This contains the rules for the management affairs of your company. The Articles of Association (often referred to as just ‘articles’) looks at meeting procedures, shareholder rights, how dividends are paid, and similar items.
After you have completed the initial set up of your limited company, there are a set of requirements that need to be followed on a regular basis. This is an overview of some of the obligations you’ll need to fulfil as a limited company:
• Any person employed by the company must pay income tax and national insurance
• Annual accounts must be filed with Companies House. Your Annual Reference Date (ARD) is put at the end of the month in which you set up your limited company. Typically, you are required to submit your accounts within 9 months of this date
• An annual return must be filed with Companies House. This gives a snapshot of key information such as your registered office, company directors, the company secretary, the share capital etc
• An annual HMRC corporation tax return must be completed within 9 months of the company year end every year. This is a tax on the taxable profits of your limited company. If your company is UK-based, you will have to pay Corporation Tax on all your taxable profits, regardless of whether these were generated from outside of the United Kingdom
After you have set up your limited company, you may want to consider finding out more about business insurance and whether or not it’s right for your business.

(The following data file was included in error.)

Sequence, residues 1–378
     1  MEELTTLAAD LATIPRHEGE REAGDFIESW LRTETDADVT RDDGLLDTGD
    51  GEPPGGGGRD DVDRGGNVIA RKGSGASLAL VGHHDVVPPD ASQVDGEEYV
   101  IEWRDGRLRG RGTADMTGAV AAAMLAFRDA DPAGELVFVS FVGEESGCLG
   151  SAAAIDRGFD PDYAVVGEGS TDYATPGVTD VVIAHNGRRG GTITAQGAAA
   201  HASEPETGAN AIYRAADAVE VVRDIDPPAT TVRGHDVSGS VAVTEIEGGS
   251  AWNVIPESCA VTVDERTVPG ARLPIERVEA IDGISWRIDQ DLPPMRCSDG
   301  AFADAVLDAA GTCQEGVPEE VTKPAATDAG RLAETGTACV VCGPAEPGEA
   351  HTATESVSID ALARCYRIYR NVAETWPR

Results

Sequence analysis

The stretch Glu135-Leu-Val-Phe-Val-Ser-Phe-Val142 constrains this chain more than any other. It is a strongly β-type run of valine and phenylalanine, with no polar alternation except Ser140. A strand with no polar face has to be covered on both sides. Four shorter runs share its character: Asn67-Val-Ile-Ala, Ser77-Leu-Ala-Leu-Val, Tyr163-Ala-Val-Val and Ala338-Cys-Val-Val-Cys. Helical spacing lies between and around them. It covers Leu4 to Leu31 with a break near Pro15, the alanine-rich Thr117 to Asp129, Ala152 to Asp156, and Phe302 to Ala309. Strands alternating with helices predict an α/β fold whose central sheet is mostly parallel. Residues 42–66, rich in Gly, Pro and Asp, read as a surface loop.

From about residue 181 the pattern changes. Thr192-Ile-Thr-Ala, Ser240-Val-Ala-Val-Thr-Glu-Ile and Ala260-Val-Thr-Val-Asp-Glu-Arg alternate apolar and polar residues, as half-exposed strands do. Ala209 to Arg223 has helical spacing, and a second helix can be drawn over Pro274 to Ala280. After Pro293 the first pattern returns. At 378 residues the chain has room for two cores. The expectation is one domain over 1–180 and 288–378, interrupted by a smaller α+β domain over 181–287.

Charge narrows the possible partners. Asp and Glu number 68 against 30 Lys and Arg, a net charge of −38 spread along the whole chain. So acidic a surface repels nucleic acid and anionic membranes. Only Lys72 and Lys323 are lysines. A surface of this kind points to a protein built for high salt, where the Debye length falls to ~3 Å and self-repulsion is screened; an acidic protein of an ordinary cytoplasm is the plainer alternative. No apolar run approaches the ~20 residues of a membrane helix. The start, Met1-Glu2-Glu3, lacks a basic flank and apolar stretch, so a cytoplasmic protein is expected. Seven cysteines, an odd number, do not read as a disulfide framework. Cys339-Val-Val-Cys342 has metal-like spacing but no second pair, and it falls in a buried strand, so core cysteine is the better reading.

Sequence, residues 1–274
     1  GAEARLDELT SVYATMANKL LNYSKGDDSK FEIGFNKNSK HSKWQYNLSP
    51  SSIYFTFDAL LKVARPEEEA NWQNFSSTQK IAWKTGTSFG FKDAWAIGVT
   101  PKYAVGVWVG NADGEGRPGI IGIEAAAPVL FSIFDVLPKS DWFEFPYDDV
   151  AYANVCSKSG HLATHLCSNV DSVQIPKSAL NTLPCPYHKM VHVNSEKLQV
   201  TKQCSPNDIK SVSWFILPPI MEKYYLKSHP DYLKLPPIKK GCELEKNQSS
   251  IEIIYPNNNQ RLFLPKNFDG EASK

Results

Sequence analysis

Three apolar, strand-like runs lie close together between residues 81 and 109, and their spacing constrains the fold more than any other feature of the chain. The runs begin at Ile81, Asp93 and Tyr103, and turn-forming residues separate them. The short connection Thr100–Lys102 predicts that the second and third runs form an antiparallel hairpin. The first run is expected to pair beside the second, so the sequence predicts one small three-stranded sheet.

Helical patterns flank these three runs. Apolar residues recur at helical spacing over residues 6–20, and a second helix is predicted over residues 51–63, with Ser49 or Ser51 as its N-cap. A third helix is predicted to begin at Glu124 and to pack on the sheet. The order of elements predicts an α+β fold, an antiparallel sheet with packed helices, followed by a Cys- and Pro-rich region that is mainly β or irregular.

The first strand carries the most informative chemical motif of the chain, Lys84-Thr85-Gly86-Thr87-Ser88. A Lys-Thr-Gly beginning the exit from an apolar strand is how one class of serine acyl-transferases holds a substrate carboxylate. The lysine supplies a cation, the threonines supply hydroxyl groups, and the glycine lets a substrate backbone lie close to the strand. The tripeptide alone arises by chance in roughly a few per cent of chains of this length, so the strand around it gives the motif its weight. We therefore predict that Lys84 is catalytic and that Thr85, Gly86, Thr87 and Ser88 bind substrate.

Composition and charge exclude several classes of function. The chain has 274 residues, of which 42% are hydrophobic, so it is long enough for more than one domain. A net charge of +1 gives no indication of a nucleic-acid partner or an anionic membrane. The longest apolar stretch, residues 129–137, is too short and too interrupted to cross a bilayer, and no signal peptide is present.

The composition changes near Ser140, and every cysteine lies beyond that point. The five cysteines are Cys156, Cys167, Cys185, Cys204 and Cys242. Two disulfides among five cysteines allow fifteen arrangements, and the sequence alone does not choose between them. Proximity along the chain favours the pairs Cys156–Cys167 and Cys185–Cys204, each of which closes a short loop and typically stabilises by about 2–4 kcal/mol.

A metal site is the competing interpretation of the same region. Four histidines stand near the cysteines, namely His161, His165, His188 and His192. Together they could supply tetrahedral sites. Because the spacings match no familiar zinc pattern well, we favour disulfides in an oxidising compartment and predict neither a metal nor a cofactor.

There are generally three core types of business insurance – public liability insurance, employers’ liability insurance, and professional indemnity insurance. These may vary depending on the exact nature of your business.
Legal payouts can often run into thousands of pounds, therefore it is important that you carefully consider your options and assess whether your business is adequately prepared.
- Public liability insurance
As a general rule, if you own a business that comes into regular contact with clients or customers, you may want to consider taking out public liability insurance. This type of insurance is not mandatory however could cover you against compensation claims awarded to members of the public should your business operations cause them injury or damage to their property.
- Employers’ liability insurance
Employers’ liability insurance is a legal requirement for any business in the UK that has employees (outside of your immediate family members). It protects you against claims issued against your business by employees that have suffered an injury, illness or damage to their personal property as a result of working for you.
- Professional indemnity insurance (also known as PI insurance)
Professional indemnity insurance differs from public liability insurance in that it covers those who provide advice, design work or other types of professional services. Architects, accountants, engineers, and publishers are just a few examples of the types of professions that may require this type of insurance. As well as insuring against claims of professional error, omissions or neglect, it can cover the legal fees involved with defending a claim.
Tell us in the comments section about your own experiences of setting up a limited company.